Review: Brooklyn Girls by Gemma Burgess

Pub. Date: July 2nd, 2013
Publisher: St. Martin’s Griffin
320 pages

Brooklyn Girls features a quirky cast of five twenty something’s – Pia, Julia, Coco, Madeleine and Angie - who take a lot of missteps, trying to figure life out. Having just moved into Rookhaven, an old brownstone, Pia wakes up after a housewarming party with a massive hangover, Madeleine’s brother in her bed, and pictures of her flashing partygoers on Facebook. She is promptly fired from her new PR job and cut off by her parents. After a single hilarious night as a waitress, and a few chance encounters, Pia comes up with an idea for a food truck. Borrowing $10,000 from a loan shark to buy the truck, and using her roommates as resources to plan a menu, Pia sets out at record speed to make a profit to pay the loan shark back. Chaos inevitably ensues.

Brooklyn Girls is a very character centered novel that epitomizes how your 20s are the time to take chances, get out of your comfort zone, and learn to live for yourself.  Pia, initially, is truly unlikeable.
She has everything handed to her on a silver platter and takes it all for granted. But, the more she learns about herself, and the more mistakes she makes personally and professionally, the more likeable she becomes. From the beginning the secondary characters make up for Pia’s un-likeableness with unique struggles, which I’m sure readers will relate to far more than Pia. My favorite relationship is between Pia, Vic and Marie, Rookhaven’s downstairs neighbors. They show the Rookhaven girls a kind of familial, supportive relationship that Pia in particular desperately needs.

In a novel filled with humor and quirkiness, there’s a surprising amount of real emotion. I didn’t necessarily relate to the alcohol fueled, casual sex and hard drug use nights that most of the girls participate in, and my one real complaint about the novel is the lack of culpability for these nights (especially the hard drug use) beyond “whoopsy”, but I loved the food talk, the budding relationship between Pia and a mystery Brit, and the supportive relationships built between the girls. Brooklyn Girls is sure to be a crowd pleaser – the characters draws you right in, and readers will have no problem relating to at least one of the girls situations. Comparisons can easily be drawn between Brooklyn Girls and the quirkiness of New Girl, combined with the oversharing nature of Carrie Bradshaw in Sex and the City. Considering how much I liked the secondary characters (especially Coco!), and the amount of storylines that are left open, I am definitely looking forward to what’s next as Angie takes over the narration for the second novel.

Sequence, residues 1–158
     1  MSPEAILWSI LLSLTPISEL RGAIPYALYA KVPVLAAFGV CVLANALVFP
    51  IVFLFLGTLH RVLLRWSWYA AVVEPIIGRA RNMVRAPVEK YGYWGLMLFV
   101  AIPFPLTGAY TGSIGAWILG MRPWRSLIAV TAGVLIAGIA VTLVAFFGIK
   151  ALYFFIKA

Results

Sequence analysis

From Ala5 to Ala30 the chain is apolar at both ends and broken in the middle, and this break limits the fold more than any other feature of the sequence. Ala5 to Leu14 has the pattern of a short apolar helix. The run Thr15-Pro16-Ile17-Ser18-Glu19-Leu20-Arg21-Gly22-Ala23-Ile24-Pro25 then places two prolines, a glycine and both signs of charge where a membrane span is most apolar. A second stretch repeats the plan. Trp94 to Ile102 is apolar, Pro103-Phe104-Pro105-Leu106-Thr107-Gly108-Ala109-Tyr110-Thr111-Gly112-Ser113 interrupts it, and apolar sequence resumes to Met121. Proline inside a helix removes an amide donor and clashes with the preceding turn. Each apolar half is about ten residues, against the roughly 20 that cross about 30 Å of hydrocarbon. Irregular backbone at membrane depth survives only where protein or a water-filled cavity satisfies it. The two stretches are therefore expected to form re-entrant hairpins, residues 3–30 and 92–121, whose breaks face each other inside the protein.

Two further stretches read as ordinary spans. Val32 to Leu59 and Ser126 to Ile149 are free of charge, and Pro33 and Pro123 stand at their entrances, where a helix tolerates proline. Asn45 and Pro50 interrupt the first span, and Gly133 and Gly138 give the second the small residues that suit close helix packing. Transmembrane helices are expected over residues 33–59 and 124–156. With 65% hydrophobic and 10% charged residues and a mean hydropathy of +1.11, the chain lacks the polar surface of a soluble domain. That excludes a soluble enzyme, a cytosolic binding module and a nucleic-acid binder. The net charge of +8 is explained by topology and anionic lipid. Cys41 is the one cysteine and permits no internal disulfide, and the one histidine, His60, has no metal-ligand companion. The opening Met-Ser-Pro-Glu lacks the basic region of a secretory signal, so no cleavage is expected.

Rating 6.5/10 – Really like the majority of the novel, but I had a problem with the lighthearted treatment of more serious extracurricular activities.

** I received a copy of this novel from the publisher to read and honestly review. I was in no way compensated. 

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